ScienceDaily reports “In youth with attention deficit hyperactivity disorder (ADHD), the brain matures in a normal pattern but is delayed three years in some regions, on average, compared to youth without the disorder, an imaging study by researchers at the National Institutes of Health's (NIH) National Institute of Mental Health (NIMH) has revealed.”

As the mom of a very active 10-year-old who was once an overly impulsive, hyperactive, and somewhat inattentive young child, I am nodding my head. Children, given patience, an encouraging environment, understanding adults, and normal neurological wiring, can mature.

Just weeks ago, I spoke with my child’s teacher and asked if he was behaving properly. She assured me that he conducted himself appropriately with one goofy exception. I told her about some of the problems that I experienced when he was younger (e.g., didn’t seem to pay attention by looking directly at adults, jumped around rather than sitting still, seemed oblivious to teacher instructions); she responded simply, “well, he has matured nicely.”

The word “matured” made a deep impression on me. The emphasis on instilling discipline and extracting correct behavior disappeared; the secret, then, is time. Ignoring the public discourse on attention problems, their causes, and proposed treatment was a veteran teacher who understood that fifth graders acted differently than kindergartners. And now scientific proof backs her common-sense beliefs.

Still, there is a period from toddler-hood to the end of elementary school that parents and their children must endure. I’d like to say that I had some great techniques for controlling my child, getting him to sit still at appropriate moments, and encouraging him to give me undivided attention. I don’t.

Nevertheless, from a non-clinical aka mom’s perspective, here are ways of dealing with inattention, impulsivity, and hyperactivity when waiting for the brain to mature:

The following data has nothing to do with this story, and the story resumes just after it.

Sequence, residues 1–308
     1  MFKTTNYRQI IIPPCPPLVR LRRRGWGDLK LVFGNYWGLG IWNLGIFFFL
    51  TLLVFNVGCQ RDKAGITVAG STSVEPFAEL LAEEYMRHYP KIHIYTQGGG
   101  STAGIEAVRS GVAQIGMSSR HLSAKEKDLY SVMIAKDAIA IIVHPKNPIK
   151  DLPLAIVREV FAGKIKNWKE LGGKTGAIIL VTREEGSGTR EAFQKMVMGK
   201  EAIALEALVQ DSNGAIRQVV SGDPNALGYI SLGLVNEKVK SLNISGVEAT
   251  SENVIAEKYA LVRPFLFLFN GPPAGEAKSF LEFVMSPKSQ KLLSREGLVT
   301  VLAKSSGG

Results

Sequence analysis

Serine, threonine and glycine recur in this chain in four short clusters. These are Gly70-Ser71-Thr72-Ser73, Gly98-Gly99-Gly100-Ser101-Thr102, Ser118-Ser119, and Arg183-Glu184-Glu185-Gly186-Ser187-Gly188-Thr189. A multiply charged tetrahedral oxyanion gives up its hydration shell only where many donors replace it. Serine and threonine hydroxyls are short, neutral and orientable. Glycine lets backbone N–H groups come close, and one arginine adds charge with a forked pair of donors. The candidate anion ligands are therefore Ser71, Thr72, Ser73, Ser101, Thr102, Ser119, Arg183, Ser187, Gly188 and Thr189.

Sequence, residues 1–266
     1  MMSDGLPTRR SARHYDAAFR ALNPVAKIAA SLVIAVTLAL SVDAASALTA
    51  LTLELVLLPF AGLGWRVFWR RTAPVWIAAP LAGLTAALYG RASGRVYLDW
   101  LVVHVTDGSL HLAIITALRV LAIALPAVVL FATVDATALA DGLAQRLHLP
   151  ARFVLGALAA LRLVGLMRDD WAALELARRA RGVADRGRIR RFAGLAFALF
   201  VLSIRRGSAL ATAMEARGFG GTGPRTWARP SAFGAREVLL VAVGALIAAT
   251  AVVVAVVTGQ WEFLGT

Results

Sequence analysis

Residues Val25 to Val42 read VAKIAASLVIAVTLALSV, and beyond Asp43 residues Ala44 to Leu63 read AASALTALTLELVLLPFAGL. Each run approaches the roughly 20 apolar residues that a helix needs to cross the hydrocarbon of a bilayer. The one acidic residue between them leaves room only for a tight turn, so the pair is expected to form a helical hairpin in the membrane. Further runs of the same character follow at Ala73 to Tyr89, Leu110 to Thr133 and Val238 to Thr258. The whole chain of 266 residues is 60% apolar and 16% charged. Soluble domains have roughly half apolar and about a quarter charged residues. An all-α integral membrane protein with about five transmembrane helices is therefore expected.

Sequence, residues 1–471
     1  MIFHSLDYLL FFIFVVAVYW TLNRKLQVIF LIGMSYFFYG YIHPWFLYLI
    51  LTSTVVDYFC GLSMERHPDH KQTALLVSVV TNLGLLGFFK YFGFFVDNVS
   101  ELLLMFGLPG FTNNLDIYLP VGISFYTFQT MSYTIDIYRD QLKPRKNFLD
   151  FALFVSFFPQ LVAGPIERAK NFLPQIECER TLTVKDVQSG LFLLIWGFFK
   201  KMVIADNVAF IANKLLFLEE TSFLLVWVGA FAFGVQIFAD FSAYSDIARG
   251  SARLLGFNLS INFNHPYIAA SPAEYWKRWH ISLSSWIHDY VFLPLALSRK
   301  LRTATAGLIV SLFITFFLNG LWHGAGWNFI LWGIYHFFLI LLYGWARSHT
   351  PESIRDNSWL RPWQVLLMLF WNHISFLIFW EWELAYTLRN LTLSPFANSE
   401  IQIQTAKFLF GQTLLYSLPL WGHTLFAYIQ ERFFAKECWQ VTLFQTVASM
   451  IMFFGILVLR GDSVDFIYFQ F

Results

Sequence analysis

1. Realize that sitting still and being quiet is much more difficult for my child than for others; he can sit still and be quiet but it is not natural and takes significant effort.
  2. Accept that my child may not be the best behaved in many situations.
  3. Accept that because my child is not well behaved, others will assume that I have poor parenting skills.
  4. Take him to the park so he can play outside, make friends, and burn energy.
  5. Avoid situations where he can terrorize innocent adults (that is, don’t take him to nice restaurants or department stores).
  6. Don’t allow my child to take advantage of teen-age babysitters, childcare providers, Sunday school teachers, etc. Ask about his behavior, press for truthful responses, and let him know that poor behavior is not acceptable.
  7. Embrace teachers who appreciate my child and his learning style (e.g., hands-on activities and group work).
  8. Be thankful that many adults accept that younger children just can’t sit still all day.
  9. Advocate for my child when he encounters teachers who consider slight fidgetiness as defiance.
  10. Get him to understand that his behavior and the consequences of misbehavior are his problem, not mine.

#10 is a biggie and I’ll mention it again, this time in bold: his behavior is his problem, not mine. Though he wasn’t given brain wiring that made it easy for him to sit still, he was blessed with creativity and intelligence that allowed him to find strategies for behaving within accepted norms. My son tells me about a technique he uses to contain his energy: pick the right time and just jump around.

My child was not diagnosed with ADHD though he displayed some symptoms associated with this disease; this post is on how to deal with certain behaviors common among young children and is not intended as medical advice. Please consult with your physician or mental health provider if you have concerns about your child.